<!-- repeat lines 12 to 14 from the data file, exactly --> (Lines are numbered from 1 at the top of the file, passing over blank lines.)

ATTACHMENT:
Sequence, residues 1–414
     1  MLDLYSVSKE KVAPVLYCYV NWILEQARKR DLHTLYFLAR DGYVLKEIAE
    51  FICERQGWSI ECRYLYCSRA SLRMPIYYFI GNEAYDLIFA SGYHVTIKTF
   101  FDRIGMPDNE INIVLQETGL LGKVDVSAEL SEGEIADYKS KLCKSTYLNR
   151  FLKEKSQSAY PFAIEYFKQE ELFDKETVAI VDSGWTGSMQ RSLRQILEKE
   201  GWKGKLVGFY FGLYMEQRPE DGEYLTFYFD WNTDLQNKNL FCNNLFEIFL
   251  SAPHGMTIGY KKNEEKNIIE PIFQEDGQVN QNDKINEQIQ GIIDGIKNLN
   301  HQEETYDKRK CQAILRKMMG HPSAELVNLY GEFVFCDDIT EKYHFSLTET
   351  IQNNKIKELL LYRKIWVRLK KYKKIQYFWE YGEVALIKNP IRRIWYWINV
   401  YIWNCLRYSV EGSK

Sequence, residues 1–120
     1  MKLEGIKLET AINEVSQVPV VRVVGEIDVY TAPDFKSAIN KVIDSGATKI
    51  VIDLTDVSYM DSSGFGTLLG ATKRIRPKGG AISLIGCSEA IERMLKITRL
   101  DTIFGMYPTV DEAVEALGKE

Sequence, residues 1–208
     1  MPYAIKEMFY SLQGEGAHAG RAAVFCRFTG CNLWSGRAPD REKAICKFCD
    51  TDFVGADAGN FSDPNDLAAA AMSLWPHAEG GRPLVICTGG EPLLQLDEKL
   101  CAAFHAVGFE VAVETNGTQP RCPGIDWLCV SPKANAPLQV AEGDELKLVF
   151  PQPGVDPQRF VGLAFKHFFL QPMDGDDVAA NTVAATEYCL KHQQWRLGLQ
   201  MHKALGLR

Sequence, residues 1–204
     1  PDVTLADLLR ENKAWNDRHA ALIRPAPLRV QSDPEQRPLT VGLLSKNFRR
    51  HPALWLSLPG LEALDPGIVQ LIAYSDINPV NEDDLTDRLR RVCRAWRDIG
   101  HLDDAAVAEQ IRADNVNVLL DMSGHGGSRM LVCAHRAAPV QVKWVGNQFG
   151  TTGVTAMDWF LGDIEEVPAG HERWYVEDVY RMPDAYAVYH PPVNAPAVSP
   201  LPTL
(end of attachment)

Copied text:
     1  MKLEGIKLET AINEVSQVPV VRVVGEIDVY TAPDFKSAIN KVIDSGATKI
    51  VIDLTDVSYM DSSGFGTLLG ATKRIRPKGG AISLIGCSEA IERMLKITRL
   101  DTIFGMYPTV DEAVEALGKE